Winston unfortunately has to excommunicate John from the order, but gives him another marker and some time to plan his next move before doubling the contract and sending it out globally. This doesn’t phase John, who collects his dog and starts running across the city.

Oddly enough this movie manages to accomplish more then enough in the way to trope fulfillment and furnishing a thin plot to move the action ahead.

But where most action flick fall apart because of their ridiculous premise, John Wick embraces the odd and each element is considered within the framework of the already established world. We can suspend our disbelief because we don’t “really” know how the world of assassins works, but the action and dialogue are slick, allowing the most important motivation of John Wick’s revenge to shine throughout.

Pros: The rules of this world continue to be defined with great consideration and the lack of CGI create better entertainment then anything out there right now. The choreography, the cinematography, even Reeves in the role of John is deliberate.

Cons: Of course, the motivations of the first film are stronger and the action a little more frantic. This movie serves up a lot more of the same, and is a little long as a result. And then we introduce the problem of John as someone who is invincible, and with that Superman complex, a little less compelling.

Runtime: 2 hours 2 minutes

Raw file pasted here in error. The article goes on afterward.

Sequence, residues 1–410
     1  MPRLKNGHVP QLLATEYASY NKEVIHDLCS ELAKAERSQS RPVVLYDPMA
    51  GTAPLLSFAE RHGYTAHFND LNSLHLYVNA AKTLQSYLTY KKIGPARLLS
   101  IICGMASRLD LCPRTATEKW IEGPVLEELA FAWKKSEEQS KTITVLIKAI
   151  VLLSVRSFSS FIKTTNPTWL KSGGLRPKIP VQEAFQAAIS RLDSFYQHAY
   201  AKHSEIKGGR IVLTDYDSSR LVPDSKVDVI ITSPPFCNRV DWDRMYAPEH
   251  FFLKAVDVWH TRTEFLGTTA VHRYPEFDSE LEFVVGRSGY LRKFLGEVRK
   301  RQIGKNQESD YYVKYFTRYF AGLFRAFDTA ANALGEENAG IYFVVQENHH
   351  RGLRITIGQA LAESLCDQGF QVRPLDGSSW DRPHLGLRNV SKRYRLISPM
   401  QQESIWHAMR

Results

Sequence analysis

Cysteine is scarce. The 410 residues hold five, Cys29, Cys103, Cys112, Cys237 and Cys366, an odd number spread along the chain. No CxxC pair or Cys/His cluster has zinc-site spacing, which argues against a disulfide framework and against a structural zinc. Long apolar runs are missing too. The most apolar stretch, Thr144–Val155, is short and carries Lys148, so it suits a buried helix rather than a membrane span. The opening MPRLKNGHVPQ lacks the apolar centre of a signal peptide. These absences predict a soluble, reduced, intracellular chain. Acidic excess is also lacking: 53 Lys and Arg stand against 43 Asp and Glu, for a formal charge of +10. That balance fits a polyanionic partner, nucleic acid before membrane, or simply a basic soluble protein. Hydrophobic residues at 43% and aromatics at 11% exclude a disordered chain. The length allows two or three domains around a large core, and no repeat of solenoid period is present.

Points of Interest: Keanu Reeves is a talented martial artist, and performed almost all of the stunts himself, with the exceptions of the car crash and falling down stairs. Second time director Chad Stahelski was a stuntman in the Matrix Trilogy. Laurence Fishburne elude to their connections as co-stars of The Matrix Trilogy.

The first John Wick movie was artfully created and a sleeper hit of 2014. This movie is an excellent addition to the catalogue and another example that over-the-top budgets don’t always equal action success. The Fishburne cameo is a welcome addition and perfect demonstration of the skillful layering going in in this movie.

theories Summarized

I really enjoyed this film and I suspect that if you are an action movie fan, Keanu Reeves supporter and even interested in experiments in storytellling, then you won’t blink twice at picking this up. That said, I have to wonder where we can go from here, and hope that Stahelski can put a nice bow on these films after the third is completed. John Wick: Chapter 2 appears to be mindless fun, but it has more then enough world-building to make stand out as one of the top five movies of 2017.

Also, in case you’re looking for another movie recommendation, the latest and greatest Watch Culture vid is now up!

No more theories from me friends, I’m tapped out for the now. But come back tomorrow for some wisdom.

Tim!

In Space, No One Can Hear You Scream (Planetarium review)

Time to pull out the sports equipment, latex paint, and fishing line, we got ourselves a planetarium to construct!

 

Sufjan Stevens – Planetarium

released Jun 9, 2017
******** 8/10

Planetarium is a collaboration between multi-instrumentalist Sufjan Stevens, composer Nico Muhly, drummer James McAlister, and guitarist Bryce Dessner. A supernova, modern art, super group, if you will. This album was inspired by our solar system and features tracks about black holes, tides, Halley’s Comet, black energy, the Sun, the Moon, the Kuiper Belt, creation, and each of the planets, including Pluto!

Now let’s get to the burning question on my mind – is it off for me to say that this was a weird album to review?